When My Loved Ones' Support Made It Harder to Recover From Health Challenges

If I were to ask you, “What do you think is the best way to show support to a loved one in need?” what would your answer be?

Perhaps the first few thoughts that come to mind would be “patience,” “kindness” or “endless love.” These are important factors without a doubt, yet even with such a fantastic support network after my near-death experience, I was still immensely depressed.

The first time I stood up after being confined to a hospital bed for two months was a huge psychological blow. The muscles in my legs had wasted away, and I collapsed immediately. It is frustrating, scary even, when your brain knows the sequence of movement, yet the rest of your body is unable to follow through with that instruction.

As a result, I had to use a wheelchair for yet another few months, and my mother became my hands and legs. What this means is that there was zero privacy, and my independence was reduced. I needed her assistance to move around, fetch things, take a shower, to be dressed and fed.

As I was wheeled back to school, it dawned on me just how different I was from everyone else now. It wasn’t just the physical disability that stood out — my mental and social agility had also taken a huge blow. For a while my main communication had consisted of basic words like “water,” “bedpan” and “pain,” and I struggled to fit back into a normal routine. Everyone around me was unaware of this struggle, and people probably thought I was feeling OK simply because I was present.

That I was so dependent on my mother for physical needs did not help with the transition. She became so absorbed with providing care to the point where I had to tell her to stop, as it was starting to cause more harm than good. Learning how to complete basic tasks all over again was a frustrating process and it took a while.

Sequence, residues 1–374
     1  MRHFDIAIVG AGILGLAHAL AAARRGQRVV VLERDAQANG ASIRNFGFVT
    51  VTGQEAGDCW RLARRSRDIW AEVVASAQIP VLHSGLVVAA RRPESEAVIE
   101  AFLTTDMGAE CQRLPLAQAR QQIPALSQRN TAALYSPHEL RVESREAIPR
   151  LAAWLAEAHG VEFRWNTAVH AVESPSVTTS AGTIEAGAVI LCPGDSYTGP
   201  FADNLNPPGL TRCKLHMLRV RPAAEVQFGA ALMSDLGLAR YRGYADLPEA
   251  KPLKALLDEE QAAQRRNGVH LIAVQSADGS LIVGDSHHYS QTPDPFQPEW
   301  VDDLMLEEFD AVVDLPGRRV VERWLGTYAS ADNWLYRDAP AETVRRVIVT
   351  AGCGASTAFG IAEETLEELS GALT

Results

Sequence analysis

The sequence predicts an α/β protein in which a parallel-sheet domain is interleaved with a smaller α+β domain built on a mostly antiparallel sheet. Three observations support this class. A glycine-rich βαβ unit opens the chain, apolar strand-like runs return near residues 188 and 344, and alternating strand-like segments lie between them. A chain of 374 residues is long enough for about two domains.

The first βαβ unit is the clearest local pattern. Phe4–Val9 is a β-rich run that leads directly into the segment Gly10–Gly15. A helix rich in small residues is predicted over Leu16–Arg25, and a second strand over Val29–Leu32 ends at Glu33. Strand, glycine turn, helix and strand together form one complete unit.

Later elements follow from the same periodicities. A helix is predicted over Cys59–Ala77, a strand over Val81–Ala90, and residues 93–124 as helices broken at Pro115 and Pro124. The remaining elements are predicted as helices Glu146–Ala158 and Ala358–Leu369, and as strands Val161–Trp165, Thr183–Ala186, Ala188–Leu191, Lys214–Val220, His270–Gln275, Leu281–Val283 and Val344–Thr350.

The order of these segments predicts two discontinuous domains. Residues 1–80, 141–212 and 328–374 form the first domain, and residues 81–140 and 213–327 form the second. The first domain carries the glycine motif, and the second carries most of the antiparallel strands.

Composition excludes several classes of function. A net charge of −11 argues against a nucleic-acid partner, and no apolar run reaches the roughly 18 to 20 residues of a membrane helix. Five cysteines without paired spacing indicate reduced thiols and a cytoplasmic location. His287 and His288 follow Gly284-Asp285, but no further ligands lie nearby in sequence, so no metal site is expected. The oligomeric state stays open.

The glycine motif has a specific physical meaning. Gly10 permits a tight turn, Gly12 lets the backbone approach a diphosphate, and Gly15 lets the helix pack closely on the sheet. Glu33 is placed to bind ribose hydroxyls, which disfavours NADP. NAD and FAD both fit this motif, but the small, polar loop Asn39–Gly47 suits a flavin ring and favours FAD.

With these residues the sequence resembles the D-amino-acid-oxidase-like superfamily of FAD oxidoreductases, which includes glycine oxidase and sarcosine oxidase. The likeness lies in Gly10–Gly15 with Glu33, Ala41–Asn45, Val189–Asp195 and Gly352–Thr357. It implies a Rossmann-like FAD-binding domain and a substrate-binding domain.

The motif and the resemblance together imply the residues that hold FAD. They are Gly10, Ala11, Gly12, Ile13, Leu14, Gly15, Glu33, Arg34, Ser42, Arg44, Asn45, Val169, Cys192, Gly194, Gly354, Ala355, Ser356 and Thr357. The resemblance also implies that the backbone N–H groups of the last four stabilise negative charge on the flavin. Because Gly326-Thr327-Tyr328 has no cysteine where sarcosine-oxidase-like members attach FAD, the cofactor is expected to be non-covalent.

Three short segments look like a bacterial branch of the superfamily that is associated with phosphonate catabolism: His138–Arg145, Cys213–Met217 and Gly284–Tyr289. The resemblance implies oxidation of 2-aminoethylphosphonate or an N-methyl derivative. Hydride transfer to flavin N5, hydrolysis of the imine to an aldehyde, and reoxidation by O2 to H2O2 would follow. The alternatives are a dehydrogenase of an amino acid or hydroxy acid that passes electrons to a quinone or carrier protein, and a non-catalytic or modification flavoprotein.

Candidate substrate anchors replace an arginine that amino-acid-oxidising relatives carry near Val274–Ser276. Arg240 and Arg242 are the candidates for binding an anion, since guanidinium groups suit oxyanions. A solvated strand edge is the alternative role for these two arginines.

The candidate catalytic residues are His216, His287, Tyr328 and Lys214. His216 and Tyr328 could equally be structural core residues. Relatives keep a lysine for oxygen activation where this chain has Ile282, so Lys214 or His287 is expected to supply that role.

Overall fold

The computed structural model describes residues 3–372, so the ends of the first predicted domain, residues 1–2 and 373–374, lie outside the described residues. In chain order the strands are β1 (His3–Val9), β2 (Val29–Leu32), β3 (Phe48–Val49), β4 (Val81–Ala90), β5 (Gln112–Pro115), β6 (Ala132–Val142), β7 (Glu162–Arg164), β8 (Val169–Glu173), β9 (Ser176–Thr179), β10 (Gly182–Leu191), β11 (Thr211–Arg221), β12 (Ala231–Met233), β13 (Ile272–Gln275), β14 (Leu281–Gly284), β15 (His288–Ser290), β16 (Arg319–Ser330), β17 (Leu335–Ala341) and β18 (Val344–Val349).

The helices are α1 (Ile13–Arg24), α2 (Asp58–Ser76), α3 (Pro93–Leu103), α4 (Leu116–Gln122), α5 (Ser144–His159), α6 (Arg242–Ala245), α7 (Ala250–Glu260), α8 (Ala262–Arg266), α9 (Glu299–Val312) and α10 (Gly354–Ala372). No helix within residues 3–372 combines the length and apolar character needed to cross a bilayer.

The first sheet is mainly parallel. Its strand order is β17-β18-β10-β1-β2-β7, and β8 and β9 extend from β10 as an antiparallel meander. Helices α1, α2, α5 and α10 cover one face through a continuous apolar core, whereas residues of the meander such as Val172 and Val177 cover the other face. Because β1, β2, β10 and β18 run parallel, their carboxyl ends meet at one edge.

I remember my best friend Valerie picking me up from the hospital after a surgery once, and then asking me on the same day itself if I could help out with a job she had. I agreed and spent the next few days squatting by the bed in pain (it was the only bearable position), working away on my laptop. But it was a great feeling — that someone had unwavering faith in me despite my temporary hardships.

Not once has she ever treated me like someone who needs sympathy or is unable to fend for herself. Even as I limp along or curl up in pain, she continues to make conversation, and I can tell that she considers me her equal as a human being. One does not have to be afraid of offending a sick person, if your actions are sincere.

Care and concern is desperately needed in this world and in modern society, yet too much of it can hinder growth and recovery, both in a physical and psychological sense. My depression only began to lift when I realized I was “useful” again and I wasn’t a worthless human being wasting away before my own eyes. I had gotten so used to being cared for that I had forgotten what freedom felt like.

Each of our individual circumstances differ, so I am not saying this is applicable as a fixed rule. I would simply like to share what I have learned through my experiences, and how it snapped me out of my depressive stupor, in hopes that it might help someone else, too.

Follow this journey on A Chronic Voice.

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